I’m grieving because one of my favorite actors died last night.

Cory Monteith, best known for his role as Finn Hudson on Glee, died yesterday at the age of 31. I don’t belong to the Glee fandom because it’s a great show, because honestly I can make a list at least 100 items long of what’s wrong with the show. I belong to the Glee fandom because, at least originally, it was about a group of misfits who were trying to figure out where they belong, where they fit, which is all what we really want from life. And this group of misfits strived to be better. Glee addresses topics we don’t talk about in society today because of the social stigma, and they do it so delicately and honestly it hurts.

But, I’m not grieving because the show lost a great actor. I’m not grieving because the fandom will never get their “Finchel” happy ending. I’m grieving because the world lost a great man. Cory was more than an actor; he was a human, just like you and me. He was open and honest about his past, and he used his celebrity status to draw attention to the issue of Substance Abuse, an addiction with which he struggled. He was so open and honest and painfully genuine, and I rooted for him. The whole fandom did.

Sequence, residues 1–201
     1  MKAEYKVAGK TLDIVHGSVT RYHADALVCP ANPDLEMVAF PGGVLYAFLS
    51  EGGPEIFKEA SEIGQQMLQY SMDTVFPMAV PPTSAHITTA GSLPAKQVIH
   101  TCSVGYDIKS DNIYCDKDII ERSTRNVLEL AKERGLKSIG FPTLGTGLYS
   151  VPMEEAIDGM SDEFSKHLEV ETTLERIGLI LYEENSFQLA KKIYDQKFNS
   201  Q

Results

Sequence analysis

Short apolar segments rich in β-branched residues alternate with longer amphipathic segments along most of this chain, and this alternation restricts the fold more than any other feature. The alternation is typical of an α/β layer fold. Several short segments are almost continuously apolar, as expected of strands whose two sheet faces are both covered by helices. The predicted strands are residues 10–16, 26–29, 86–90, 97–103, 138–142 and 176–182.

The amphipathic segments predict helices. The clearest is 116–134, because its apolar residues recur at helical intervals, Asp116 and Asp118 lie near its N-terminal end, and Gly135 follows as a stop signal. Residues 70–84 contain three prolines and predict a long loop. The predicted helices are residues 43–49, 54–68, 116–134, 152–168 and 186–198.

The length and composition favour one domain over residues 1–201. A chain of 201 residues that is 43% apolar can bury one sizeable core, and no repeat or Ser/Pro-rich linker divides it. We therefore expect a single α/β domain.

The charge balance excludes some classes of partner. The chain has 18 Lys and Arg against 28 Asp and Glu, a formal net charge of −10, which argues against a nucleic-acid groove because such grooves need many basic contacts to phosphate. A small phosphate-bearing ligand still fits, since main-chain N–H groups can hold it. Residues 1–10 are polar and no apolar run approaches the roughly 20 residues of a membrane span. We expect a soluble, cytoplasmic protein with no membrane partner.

Surprised is not the right word, because I was surprised when I found out a few years ago he was nearly 30, neither are shock or sadness. And the fact that I can’t find the right word to describe how I feel is a little disconcerting, because I am an English Major.

What I do know is this: this is the first time a celebrity’s died my generation’s grown up with. This is the first time a public figure we’ve admired has died. Michael Jackson does not count, because we didn’t grow up with him. This maybe the first time that a teenager has lost someone they look up to, and it puts everything in perspective: it makes us realize that nobody’s immortal. Everybody will die, friends, family, celebrities. 

I grew up with Glee. It got me through difficult times. It made me laugh. It made me cry. It made me shake my fists in anger. It made me nod my head in agreement. It made me believe that somewhere out there is a place where I belong, where I can be myself, where I can be accepted for who I am. To that I say, thank you. Thank you for making me believe in myself. Thank you for making me believe that I can be better, that I can succeed. Just… thank you.

And how do we, the fandom, respond? We can’t call in sick because one of our favorite celebrities died. He was one of our “friends” (because he was our friend, in the most general sense of the term), but we can’t go to his funeral. And we certainly can’t let our grief go unvalidated, because then our feels* will take over. Glee changed my life, and if you think I’m not going to cry over the death of one of it’s kindest, brightest stars, you need to learn a thing or two about the inspiration celebrities can be. If you don’t think that I wanted to go back to bed this morning because I was not emotionally ready for this day, you’d be wrong. I wanted to redo this day since I woke up this morning.